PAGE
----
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> What Are 7#11 Pentatonic Scales, Learn to build and play 7#11 Pentatonic Scales for guitar
The Professor
post Jun 11 2013, 04:06 PM
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What Are 7#11 Pentatonic Scales

Usually the first scale that pops to mind when you see a 7#11 chord symbol is the Lydian Dominant Scale, the 4th mode of Melodic Minor. While this is a great first-choice scale to use when soloing over 7#11 chords, sometimes you want a smaller scale shape to play with over this chord in your improvisations.

This is where the 7#11 Pentatonic Scale comes in.

In this lesson, we’ll take a look at the theory behind the 7#11 Pentatonic Scale, how it is built, how to apply it to your soloing and a few common fingerings that you can explore in the practice room.

How to Build a 7#11 Pentatonic Scale

The 7#11 Pentatonic Scale is built from the following interval pattern.

Root - 2 - 3 - #4 -b7

You can see these notes laid out in tab and notation for an C 7#11 Pentatonic Scale here.

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You can also think of the 7#11 Pentatonic Scale as being a fragment of the corresponding Lydian Dominant Scale.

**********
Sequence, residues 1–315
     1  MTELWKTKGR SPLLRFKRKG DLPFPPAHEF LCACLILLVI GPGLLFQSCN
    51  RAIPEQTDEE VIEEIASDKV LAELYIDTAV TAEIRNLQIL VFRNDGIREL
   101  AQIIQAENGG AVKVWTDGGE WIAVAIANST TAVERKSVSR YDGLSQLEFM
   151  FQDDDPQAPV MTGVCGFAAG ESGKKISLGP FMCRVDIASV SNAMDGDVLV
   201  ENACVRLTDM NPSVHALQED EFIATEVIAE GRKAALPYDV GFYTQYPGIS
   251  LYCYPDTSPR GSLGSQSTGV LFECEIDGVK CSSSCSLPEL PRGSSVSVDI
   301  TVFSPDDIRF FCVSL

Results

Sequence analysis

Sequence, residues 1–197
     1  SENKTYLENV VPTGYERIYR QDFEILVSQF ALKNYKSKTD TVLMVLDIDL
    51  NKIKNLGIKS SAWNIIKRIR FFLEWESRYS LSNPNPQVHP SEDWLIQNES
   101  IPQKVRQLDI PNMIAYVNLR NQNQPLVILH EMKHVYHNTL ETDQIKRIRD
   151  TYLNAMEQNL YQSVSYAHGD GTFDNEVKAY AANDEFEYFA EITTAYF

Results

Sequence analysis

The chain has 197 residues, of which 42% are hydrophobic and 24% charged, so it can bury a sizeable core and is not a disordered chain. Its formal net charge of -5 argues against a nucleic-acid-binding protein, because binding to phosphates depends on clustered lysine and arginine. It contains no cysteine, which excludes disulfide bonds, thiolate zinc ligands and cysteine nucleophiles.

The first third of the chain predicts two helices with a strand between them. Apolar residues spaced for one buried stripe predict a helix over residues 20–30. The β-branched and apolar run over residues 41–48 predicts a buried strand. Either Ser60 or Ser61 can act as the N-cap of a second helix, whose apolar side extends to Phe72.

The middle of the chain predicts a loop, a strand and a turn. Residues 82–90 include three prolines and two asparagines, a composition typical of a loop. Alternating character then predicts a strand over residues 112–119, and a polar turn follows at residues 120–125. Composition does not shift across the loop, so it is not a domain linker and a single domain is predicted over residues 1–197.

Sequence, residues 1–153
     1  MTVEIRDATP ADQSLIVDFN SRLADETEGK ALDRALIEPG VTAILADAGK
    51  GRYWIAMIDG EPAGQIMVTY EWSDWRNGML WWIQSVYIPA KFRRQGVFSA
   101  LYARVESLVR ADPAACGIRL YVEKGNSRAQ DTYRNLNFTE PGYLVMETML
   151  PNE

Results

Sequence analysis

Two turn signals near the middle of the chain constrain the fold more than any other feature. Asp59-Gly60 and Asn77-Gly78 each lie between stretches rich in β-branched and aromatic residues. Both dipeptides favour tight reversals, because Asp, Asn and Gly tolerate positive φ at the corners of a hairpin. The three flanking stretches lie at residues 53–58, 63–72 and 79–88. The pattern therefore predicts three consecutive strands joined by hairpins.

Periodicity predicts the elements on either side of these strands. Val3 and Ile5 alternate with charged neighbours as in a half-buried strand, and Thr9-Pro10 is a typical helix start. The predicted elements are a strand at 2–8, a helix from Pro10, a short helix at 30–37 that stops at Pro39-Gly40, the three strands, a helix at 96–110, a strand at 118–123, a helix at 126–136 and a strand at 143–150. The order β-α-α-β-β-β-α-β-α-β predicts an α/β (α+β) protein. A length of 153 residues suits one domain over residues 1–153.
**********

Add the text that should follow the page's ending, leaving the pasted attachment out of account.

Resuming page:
If you have a C Lydian Dominant Scale, C D E F# G A Bb, and you take out the 1st, 2nd, 3rd, 4th and b7th notes, C D E F# Bb, you now have a C 7#11 Pentatonic Scale.

To apply this scale in a soloing situation, you can use the 7#11 Pentatonic Scale over major, 7th, 9th and 13th chords.

2 Common 7#11 Pentatonic Scale Fingerings

To help get you started, here are two common fingerings for the C 7#11 Pentatonic Scale, one with a 6-string root, and one with a 5-string root.

Try memorizing these scales in the key of C first, then take them to the other 11 keys around the neck as you expand on these scale shapes in your guitar practice routine.

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7#11 Pentatonic Scale Practice Guide

To finish up, here are a number of ways that you can practice 7#11 Pentatonic scales in order to get the fingerings, and theory, behind these scales under your fingers and into your guitar playing.

1. Sing the root note, C for example, and play the corresponding 7#11 Pentatonic Scales over that root.
2. Play a root note on the guitar, C for example, and then sing the corresponding 7#11 Pentatonic Scale over that root note.
3. Say the note names, or interval numbers, such as C D E F# Bb or 1 2 3 #4 b7, as you play and sing the notes in the above exercises.
4. Put on a static vamp, C, C9, C7 or C13 for example, and practice soloing over those chords using the related 7#11 Pentatonic Scale as the basis for your solo.
5 .Repeat any/all of the above exercises in all 12 keys.

Do you have a question or comment about 7#11 Pentatonic Scales? If so, share them in the comments section below this thread.

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